Every integer register contains 64 value bits and one trap bit, known as not-a-thing, or NaT. The NaT bit is used by speculative execution to indicate that the register values are not valid. We learned a little about NaT some time ago; we’ll discuss it further when we reach the topic of control speculation. The important thing to know about NaT right now is that if you take a register which is tagged as NaT and try to do arithmetic with it, then the NaT bit is set on the output register. Most other operations on registers tagged as NaT will raise an exception.

The NaT bit means that accessing an uninitialized variable can crash.

void bad_idea(int *p)
 int uninitialized;
 *p = uninitialized; // can crash here!

Since the variable uninitialized is uninitialized, the register assigned to it might happen to have the NaT bit set, left over from previous execution, at which point trying to save it into memory raises an exception.

You may have noticed that there are four return value registers, which means that you can return up to 32 bytes of data in registers.

Floating point registers

Register Meaning
f0 Reads as 0.0 (writes will fault)
f1 Reads as 1.0 (writes will fault)

Registers f0 through f31 are static, and f32 through f127 are rotating.

By convention, registers f0 through f5 and f16 through f31 are preserved across calls. The others are scratch.

That’s about all I’m going to say about floating point registers, since they aren’t really where the Itanium architecture is exciting.

Predicate registers

Instead of a flags register, the Itanium records the state of previous comparison operations in dedicated registers known as predicates. Each comparison operation indicates which predicates should hold the comparison result, and future instructions can test the predicate.

Register Meaning
p0 Reads as true (writes are ignored)

Predicate registers p0 through p15 are static, and p16 through p63 are rotating.

You can predicate almost any instruction, and the instruction will execute only if the predicate register is true. For example:

(p1) add ret0 = r32, r33

means, “If predicate p1 is true, then set register ret0 equal to the sum of r32 and r33. If not, then do nothing.” The thing inside the parentheses is called the qualifying predicate (abbreviated qp).

Instructions which execute unconditionally are internally represented as being conditional upon predicate register p0, since that register is always true.

Actually, I lied when I said that the instruction will execute only if the qualifying predicate is true. There is one class of instructions which execute regardless of the state of the qualifying predicate; more on that later.

The Win32 calling convention specifies that predicate registers p0 through p5 are preserved across calls, and p6 through p63 are scratch.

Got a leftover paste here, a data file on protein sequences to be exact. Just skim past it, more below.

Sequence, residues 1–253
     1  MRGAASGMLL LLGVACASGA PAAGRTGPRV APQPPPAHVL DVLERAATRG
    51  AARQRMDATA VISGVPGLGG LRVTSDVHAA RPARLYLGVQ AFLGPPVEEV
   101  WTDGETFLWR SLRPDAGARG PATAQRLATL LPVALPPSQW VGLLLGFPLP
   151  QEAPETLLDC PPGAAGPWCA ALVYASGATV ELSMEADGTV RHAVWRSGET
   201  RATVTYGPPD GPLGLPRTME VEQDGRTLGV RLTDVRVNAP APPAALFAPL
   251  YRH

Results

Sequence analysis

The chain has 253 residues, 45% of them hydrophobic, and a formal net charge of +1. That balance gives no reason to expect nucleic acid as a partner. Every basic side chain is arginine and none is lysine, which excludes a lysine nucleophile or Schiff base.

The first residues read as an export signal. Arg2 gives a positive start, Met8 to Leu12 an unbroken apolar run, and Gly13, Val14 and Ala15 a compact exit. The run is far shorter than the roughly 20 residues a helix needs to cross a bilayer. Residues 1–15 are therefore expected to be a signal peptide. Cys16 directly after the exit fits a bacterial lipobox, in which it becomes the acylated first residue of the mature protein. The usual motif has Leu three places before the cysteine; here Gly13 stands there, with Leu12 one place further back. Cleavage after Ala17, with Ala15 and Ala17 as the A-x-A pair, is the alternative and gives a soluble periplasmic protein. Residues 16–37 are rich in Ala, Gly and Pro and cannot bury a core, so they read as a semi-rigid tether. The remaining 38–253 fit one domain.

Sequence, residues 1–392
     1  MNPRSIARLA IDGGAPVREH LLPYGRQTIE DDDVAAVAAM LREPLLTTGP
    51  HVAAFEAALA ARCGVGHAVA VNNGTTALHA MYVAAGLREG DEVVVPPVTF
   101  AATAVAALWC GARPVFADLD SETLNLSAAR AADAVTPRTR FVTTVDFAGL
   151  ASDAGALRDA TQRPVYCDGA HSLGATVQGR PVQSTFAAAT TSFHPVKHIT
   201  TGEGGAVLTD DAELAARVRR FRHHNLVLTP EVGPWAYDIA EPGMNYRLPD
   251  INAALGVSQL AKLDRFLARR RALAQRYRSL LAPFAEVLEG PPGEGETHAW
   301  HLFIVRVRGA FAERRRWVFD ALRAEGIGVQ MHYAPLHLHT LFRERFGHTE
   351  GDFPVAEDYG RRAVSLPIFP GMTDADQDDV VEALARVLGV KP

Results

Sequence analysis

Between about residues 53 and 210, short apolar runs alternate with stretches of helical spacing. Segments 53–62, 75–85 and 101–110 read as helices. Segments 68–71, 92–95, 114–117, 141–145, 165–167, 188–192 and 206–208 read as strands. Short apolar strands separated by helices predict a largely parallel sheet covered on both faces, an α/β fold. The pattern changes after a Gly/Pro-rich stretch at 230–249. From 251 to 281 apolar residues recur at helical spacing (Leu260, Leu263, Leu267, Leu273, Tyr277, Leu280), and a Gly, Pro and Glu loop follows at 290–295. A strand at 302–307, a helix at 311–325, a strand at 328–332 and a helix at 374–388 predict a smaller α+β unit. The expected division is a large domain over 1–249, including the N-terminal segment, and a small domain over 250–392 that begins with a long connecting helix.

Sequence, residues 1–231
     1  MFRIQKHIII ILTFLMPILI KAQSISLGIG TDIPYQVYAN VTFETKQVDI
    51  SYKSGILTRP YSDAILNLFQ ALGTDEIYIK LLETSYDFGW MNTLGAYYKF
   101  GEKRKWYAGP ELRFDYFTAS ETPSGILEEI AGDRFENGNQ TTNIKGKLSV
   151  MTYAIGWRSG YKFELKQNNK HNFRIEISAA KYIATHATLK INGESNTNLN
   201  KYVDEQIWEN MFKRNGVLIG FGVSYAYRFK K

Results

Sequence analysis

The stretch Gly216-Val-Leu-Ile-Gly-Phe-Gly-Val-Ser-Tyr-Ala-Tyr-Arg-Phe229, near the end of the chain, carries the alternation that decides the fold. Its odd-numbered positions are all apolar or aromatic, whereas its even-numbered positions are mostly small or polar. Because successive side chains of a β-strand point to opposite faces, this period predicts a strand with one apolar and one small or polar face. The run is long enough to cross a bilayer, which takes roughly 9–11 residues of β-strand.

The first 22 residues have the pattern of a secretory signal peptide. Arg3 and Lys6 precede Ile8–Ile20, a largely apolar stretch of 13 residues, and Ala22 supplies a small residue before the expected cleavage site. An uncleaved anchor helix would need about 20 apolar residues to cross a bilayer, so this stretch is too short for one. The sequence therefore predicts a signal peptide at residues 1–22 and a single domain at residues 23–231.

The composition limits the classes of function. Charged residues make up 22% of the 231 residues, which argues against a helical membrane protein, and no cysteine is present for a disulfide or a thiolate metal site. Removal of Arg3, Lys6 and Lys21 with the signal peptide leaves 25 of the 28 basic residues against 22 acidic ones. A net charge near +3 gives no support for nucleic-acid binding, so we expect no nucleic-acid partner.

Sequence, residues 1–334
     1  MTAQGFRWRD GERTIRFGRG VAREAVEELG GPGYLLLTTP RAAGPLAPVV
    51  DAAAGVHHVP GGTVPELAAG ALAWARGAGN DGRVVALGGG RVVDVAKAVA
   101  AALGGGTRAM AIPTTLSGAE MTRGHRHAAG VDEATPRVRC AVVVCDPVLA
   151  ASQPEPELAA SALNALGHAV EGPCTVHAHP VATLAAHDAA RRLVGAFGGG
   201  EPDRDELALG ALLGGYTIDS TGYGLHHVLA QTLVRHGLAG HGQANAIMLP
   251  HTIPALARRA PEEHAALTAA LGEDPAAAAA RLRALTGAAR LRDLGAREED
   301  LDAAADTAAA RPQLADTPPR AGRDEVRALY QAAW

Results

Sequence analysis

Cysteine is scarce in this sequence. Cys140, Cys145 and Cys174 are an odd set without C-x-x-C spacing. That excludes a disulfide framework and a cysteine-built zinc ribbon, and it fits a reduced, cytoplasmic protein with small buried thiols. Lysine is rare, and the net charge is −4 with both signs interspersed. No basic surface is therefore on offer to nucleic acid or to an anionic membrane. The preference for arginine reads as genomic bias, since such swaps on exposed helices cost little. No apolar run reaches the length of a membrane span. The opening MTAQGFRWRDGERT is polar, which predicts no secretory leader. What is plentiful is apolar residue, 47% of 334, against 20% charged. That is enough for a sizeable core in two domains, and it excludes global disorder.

There is a special pseudo-register called preds by the Windows debugging engine which consists of the 64 predicate registers combined into a single 64-bit value. This pseudo-register is used when code needs to save and restore the state of the predicate registers.

Branch registers

The branch registers are used for indirect jump instructions. The only things you can do with branch registers are load them from an integer register, copy them to an integer register, and jump to them. In particular, you cannot load them directly from memory or do arithmetic on them. If you want to do any of those things, you need to do it with an integer register, then transfer it to a branch register.

The Win32 calling convention assigns the following meanings to the branch registers:

Register Mnemonic Meaning
b0 rp Return address

The return address register is sometimes called br, but the disassembler calls it rp, so that’s what we’ll call it.

The return address register is set automatically by the processor when a instruction is executed.

By convention, registers b1 through b5 are preserved across calls, while b6 and b7 are scratch. (Exercise: Is b0 preserved across calls?)

Application registers

There are a large number of application registers, most of which are not useful to user-mode code. We’ll introduce the interesting ones as they arise. I’ve already mentioned one of them already: bsp is the ia64’s second stack pointer.


Okay, this was a whirlwind tour of the Itanium register set. I bet your head hurts already, and we haven’t even started coding yet!

In fact, we’re not going to be coding for quite some time. Next time, we’ll look at the instruction format.